Compared to trucks, tractors look sexy. That observation helps explain why CNH Industrial (CNHI)), the $14 billion Italian-American group backed by Turin's billionaire Agnelli family, may spin off its struggling Iveco commercial vehicles unit.
CNH's vans and heavy goods vehicles are likely to deliver more than a third of the group's $29 billion revenue this year. But they contribute far less to the group's overall value, thanks to a measly 3% operating profit margin and dismal sales outlook. Revenue are expected to contract 1% this year and another 3.6% next, according to Refinitiv forecasts.
Iveco is a relatively weak brand in the highly competitive European goods vehicle market. It has lured customers by guaranteeing to repurchase vehicles after three years at a generous price. These deals are expensive. Stephens analysts estimate a drain of $625 million of cash flow last year, more than twice the $299 million of operating profit.
Investors seem happy to see the back of CNH's vans - hence Friday's 4% share price rise. They're not salivating over Iveco's prospects, but a freestanding group would benefit from more determined management. Alternatively, it could end up adding to a rival's scale in the consolidating global van and truck market.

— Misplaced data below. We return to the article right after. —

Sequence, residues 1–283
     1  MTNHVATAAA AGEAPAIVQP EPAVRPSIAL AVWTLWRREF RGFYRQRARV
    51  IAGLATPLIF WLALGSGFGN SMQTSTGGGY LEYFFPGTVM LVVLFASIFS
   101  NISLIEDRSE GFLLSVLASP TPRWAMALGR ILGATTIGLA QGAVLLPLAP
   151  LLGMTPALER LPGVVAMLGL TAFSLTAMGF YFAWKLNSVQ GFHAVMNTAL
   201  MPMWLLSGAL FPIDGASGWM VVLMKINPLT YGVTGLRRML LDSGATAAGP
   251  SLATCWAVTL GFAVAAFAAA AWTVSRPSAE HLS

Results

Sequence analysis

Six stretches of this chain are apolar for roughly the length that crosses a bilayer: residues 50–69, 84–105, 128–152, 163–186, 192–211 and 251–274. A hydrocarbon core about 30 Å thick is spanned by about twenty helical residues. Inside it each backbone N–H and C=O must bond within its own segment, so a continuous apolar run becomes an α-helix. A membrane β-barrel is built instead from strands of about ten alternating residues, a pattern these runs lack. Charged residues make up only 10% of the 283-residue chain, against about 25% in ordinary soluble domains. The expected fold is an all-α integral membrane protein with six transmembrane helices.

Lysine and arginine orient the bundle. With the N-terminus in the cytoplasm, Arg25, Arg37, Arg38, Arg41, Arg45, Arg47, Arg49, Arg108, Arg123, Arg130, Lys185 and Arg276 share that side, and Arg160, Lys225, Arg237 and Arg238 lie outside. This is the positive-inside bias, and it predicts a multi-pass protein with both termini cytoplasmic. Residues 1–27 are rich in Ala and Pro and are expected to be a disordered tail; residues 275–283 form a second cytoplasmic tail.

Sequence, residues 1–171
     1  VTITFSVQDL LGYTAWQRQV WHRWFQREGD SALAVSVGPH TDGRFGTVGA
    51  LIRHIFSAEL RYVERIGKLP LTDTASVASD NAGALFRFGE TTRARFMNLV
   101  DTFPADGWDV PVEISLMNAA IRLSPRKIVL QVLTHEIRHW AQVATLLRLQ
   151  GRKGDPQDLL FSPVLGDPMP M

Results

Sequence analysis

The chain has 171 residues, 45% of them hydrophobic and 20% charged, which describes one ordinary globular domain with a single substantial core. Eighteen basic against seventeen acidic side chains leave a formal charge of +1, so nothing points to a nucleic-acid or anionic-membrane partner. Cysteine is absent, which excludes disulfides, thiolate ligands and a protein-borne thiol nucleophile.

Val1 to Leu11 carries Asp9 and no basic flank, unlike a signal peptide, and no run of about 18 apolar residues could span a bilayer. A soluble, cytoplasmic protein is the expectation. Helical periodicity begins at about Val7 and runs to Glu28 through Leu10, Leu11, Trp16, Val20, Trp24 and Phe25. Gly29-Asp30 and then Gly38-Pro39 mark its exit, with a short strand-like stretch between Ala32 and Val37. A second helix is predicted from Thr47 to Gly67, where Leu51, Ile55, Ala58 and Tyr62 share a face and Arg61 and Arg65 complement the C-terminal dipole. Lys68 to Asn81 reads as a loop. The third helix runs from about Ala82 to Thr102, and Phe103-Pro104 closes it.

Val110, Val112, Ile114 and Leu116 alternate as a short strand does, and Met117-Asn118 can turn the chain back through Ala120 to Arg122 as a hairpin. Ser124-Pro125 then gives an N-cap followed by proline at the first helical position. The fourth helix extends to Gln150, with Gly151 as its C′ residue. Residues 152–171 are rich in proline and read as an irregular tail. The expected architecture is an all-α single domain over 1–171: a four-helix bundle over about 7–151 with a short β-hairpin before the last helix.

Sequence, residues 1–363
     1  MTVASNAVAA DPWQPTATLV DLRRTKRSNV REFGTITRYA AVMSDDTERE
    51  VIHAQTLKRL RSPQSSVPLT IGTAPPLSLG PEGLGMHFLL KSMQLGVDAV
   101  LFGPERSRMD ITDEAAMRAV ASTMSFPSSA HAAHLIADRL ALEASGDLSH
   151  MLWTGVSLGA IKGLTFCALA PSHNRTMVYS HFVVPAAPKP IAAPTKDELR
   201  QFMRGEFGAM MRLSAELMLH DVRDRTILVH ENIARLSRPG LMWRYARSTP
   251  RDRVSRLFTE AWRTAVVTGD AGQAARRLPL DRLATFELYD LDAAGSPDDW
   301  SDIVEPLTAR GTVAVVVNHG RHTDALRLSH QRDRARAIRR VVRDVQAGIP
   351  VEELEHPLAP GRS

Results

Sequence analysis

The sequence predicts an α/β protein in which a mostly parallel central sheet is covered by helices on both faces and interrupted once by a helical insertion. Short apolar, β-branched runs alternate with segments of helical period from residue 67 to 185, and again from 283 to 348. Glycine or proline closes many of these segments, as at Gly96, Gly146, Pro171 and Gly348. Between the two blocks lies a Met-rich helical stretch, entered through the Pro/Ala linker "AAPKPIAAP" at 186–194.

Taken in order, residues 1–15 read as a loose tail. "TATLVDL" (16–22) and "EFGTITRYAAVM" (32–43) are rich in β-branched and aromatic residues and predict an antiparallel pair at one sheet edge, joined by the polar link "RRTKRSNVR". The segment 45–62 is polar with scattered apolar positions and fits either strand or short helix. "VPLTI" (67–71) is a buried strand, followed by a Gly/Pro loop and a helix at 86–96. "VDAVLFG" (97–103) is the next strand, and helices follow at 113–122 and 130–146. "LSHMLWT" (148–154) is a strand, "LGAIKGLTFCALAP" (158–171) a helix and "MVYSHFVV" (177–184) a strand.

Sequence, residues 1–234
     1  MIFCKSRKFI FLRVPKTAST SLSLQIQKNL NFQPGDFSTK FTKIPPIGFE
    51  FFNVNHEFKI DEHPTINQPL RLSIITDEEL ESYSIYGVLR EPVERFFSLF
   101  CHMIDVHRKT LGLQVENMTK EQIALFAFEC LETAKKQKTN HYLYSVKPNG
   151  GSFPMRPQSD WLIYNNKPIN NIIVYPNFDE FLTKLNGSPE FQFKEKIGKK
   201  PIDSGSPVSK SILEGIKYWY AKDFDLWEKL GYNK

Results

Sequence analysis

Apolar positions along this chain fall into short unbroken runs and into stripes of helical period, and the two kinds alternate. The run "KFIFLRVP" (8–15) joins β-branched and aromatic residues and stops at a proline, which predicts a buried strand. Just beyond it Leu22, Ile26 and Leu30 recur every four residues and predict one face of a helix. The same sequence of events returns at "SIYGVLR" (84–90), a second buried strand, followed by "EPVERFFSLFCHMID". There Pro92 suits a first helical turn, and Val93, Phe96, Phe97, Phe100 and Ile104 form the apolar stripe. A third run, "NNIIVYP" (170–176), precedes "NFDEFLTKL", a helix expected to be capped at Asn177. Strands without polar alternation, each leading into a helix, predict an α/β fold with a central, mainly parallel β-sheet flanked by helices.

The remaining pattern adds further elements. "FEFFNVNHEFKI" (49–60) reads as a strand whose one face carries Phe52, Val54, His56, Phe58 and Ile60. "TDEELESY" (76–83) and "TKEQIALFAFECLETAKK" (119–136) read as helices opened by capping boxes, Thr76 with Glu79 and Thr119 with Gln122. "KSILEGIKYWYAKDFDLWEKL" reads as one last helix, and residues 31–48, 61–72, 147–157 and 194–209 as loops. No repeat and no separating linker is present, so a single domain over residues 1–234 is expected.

What is more appealing is the largely agricultural company that would be left after a spinoff. CNH's Case and New Holland farm machinery brands could have some hidden value.
Start with the current CNH enterprise value of $29.5 billion, 10.5 times this year's forecast EBITDA. That is a discount to more profitable farm rival John Deere's (DE) nearly 17 times. A truck-less CNH might support a higher multiple, say, 14 times EBITDA. If it retained all the group's $15.5 billion net debt, the equity market capitalisation would be $11.5 billion, according to a Breakingviews calculation.
Then give Iveco a conservative enterprise multiple of 3 times 2018 EBITDA - half that of 11 billion euro German truck maker Traton. That translates to an equity value of $2.7 billion.
With these conservative valuations, the two-part CNH is worth only 1% more than CNH's valuation after Friday's bump. But the divided group might gain more traction for moving to sunnier pastures.
Editor's Note: The summary bullets for this article were chosen by Seeking Alpha editors.
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